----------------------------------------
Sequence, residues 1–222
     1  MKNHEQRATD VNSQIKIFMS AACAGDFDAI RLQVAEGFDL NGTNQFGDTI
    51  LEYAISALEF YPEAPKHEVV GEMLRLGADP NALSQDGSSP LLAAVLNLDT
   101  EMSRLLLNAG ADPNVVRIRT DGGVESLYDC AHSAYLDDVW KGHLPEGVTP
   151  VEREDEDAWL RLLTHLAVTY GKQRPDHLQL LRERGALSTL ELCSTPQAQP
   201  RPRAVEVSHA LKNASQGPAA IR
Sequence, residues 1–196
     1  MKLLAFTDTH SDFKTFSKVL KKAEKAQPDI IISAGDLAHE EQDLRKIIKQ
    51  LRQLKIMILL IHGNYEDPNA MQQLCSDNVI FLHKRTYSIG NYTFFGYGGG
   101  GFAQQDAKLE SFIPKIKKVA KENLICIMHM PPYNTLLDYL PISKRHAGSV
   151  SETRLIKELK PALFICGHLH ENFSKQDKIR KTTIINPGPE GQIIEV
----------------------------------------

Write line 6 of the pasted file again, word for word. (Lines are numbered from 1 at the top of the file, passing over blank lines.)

   201  RPRAVEVSHA LKNASQGPAA IR